With regard to the very primitive definition then itcould be said that the three European relationships have reconciled communicationhas been an ever present in democratic ties between each country parrelationships between Poland and Russia during the later years of the turn ofthe cold war However reconciliation as Yinan He goes far beyond that He focuseson a four stage evolution between states in regards to reconciliation, but forthe focus of this essay we will only be analysing two of the stages “ Shallowreconciliation” and “ deep lying reconciliation” . He remarks that for states toachieve reconciliation that there must be a systematic transitions from thephase of unstable peace in which war is non-existent but the possibility ofviolence is still at hand to the phase of stable peace in which the likelihoodof war diminishes to near nonexistence3 Thisstage of reconciliation is called deep lying reconciliation, where “ fullnational recognition, smooth economic interaction” and share a feeling ofmutual closeness and sometime affection of at least mutual empathy” are thenormal practises. This as Yinan remarks is th4e pinnacle of interstate relationships. The difference between deep lying reconciliation as He states is that unlikedeep lying reconciliation shallow reconciliation conflict is thinkable in termof state relationship while deep lying reconciliation conflict is unthinkable. 4 Froma European perspective deep lying reconciliation has taken place in regards tothe EU countries at least, The multination organism is widely seen as thepinnacle in democratic and economic bilateralism, All three EU countries; France Germany and Poland have been in democratic ties since the late 1990swith France and Germany since the 1950s with the European coal and steelcommunity. While Russia has continued to develop its Compare this to its Eastern Asian states it isclear to see that through Yinans definition they have not achieved deep lyingreconciliation. Whether it be the strain between Korea and Japan over thecomfort woman issue to the continued Sino-Japanese animosity there is continuedpresence of tension which cannot give way to reconciliation.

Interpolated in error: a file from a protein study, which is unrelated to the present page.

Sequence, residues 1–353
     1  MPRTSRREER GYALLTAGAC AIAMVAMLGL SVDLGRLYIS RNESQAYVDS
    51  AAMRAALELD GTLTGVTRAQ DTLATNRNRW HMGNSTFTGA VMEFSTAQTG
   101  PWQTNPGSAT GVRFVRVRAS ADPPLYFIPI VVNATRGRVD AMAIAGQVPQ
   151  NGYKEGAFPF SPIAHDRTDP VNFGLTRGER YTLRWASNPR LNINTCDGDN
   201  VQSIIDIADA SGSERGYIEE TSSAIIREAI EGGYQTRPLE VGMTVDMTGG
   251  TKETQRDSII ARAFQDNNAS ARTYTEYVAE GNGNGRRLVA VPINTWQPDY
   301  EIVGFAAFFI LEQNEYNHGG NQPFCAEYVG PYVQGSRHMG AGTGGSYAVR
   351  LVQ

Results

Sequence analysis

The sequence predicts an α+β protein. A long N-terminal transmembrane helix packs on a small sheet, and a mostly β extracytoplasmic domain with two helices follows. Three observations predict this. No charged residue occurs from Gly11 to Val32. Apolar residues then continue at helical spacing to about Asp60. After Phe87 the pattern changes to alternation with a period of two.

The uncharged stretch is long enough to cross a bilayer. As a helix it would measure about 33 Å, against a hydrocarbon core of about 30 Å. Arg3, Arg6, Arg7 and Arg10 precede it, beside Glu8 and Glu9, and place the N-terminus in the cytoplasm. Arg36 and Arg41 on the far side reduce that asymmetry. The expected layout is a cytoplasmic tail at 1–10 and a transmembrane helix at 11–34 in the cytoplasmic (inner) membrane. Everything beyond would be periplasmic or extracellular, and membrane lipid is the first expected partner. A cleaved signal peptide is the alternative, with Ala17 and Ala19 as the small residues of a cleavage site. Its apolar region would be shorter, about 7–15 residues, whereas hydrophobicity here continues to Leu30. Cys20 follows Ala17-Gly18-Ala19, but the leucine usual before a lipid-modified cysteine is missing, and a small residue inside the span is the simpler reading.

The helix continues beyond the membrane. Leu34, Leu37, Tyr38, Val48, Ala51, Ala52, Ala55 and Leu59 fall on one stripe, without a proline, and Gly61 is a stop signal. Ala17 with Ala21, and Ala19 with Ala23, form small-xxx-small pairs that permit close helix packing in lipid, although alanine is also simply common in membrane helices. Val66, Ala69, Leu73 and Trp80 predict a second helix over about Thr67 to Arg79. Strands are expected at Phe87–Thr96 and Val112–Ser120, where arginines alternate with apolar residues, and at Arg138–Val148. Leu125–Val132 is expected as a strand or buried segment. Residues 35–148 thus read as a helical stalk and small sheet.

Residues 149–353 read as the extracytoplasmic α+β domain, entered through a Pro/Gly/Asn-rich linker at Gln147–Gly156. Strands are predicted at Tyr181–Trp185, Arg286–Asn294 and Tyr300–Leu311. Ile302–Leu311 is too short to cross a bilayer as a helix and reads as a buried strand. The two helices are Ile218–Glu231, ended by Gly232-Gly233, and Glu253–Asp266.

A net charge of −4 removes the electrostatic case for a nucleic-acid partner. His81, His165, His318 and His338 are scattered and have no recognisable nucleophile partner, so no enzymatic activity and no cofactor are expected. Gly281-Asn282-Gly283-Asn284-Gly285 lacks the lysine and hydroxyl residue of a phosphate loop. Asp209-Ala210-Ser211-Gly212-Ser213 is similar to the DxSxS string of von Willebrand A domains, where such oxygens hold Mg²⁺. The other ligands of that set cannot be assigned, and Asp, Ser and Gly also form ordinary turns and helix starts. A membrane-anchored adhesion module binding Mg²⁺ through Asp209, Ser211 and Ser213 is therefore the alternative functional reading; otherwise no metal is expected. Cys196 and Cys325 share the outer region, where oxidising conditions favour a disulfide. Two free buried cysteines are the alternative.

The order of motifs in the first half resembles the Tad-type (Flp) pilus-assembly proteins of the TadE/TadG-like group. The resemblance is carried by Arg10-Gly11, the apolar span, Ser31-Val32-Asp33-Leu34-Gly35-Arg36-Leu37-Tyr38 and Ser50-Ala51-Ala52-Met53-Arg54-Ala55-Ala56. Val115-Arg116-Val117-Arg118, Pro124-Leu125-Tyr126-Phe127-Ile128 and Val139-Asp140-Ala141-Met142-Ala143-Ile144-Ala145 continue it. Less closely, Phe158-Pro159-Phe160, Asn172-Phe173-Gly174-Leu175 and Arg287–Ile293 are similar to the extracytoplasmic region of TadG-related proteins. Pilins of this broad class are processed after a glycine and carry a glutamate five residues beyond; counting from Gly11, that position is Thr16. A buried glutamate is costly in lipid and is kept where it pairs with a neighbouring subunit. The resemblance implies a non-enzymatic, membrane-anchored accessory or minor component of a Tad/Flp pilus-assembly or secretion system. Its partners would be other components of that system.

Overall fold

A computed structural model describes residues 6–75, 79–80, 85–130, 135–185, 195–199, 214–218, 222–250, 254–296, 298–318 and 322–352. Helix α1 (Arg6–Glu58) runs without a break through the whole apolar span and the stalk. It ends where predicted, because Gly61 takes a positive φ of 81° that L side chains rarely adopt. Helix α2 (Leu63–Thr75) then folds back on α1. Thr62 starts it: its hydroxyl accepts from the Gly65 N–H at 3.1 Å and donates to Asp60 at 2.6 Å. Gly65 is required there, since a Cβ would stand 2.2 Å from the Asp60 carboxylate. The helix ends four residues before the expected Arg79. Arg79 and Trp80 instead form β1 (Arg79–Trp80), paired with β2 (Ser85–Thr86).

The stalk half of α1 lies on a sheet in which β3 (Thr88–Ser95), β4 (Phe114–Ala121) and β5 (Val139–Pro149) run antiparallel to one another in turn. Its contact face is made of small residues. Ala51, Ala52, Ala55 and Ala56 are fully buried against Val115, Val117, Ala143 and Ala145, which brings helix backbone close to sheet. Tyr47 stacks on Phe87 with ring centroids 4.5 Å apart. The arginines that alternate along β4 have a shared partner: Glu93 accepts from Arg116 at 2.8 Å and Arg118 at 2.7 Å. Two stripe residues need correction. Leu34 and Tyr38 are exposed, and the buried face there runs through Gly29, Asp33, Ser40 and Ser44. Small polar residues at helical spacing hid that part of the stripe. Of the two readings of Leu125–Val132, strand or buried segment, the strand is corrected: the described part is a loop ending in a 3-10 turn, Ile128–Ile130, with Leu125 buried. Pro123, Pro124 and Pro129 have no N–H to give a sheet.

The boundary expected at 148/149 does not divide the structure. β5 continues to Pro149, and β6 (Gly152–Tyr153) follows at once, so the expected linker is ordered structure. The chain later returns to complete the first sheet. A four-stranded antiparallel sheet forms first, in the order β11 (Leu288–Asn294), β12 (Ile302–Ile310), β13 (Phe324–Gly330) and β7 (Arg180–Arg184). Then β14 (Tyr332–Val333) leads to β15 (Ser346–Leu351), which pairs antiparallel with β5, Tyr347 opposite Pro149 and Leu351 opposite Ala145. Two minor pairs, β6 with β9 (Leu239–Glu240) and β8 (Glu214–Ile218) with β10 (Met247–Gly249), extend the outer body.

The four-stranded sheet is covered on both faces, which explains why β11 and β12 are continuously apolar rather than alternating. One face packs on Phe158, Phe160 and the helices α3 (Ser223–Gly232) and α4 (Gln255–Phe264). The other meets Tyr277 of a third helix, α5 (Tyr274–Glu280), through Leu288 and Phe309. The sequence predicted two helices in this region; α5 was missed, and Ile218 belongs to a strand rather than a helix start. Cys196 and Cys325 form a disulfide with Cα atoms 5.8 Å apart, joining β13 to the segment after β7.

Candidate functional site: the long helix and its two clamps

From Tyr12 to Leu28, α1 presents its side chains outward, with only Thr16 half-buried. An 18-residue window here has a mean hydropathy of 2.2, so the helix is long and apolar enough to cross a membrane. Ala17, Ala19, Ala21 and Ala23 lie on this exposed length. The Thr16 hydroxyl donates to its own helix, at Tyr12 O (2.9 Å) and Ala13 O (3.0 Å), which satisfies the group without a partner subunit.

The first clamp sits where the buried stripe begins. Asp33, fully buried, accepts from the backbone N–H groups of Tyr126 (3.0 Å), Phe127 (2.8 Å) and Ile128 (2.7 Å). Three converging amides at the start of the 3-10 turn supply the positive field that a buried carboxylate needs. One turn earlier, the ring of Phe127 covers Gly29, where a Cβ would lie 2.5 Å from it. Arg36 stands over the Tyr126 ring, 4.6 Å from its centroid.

So what can beanalysed how interstate relationships from one country can be achieved whilethe other has so far struggles. One of the main reasonsargued for European interstate reconciliation is the presence of guilt culturesaccording to Pranti countries such as Germany that have guilty cultures have beliefin the possibility of having acted . otherwise inheritantly bad deeds acceptingthe legitimacy of blame and punishment because of that fact, 5 So using this factor as a comparison betweenthe 3 European states it is rather straightforward in analysing whether thishas help create deep lying reconciliation between states, especially in the case of German relations. Germany asBurum remarks has an unequivocal guilty culture, he states that the Germanpeople are taught from a young age that Nazis and the holocaust cannot beforgotten, he states that “ The German war was not only remembered ontelevision, on the radio, in community halls, schools, and museums…it wasactively worked on, laboured, rehearsed.
“ 6Although tongue and cheek the point still stands, Germans are actively taughtand educated their Nazi past and heritage as an aggressor. Textbooks go intographic detail on events during the war; however it is not just restricted toeducation. War memorials are heavily emphasized on German collective guilt, from plagues commemorating Jewish people and shops which stood before Jewishpersecution in German to Holocaust Memorial Day, German self-persecution isnever far from their minds. It is this deep collective guilt that German hascreated which has helped with its interstate reconciliation with regards toFrance and Poland given all three countries a collect war memory. Reparations’and acknowledgement for past Nazi crimes became as Feldman states became the ‘ cornerstone, perhaps the very definition, of German foreign policy after World War II’ inregards to European integration.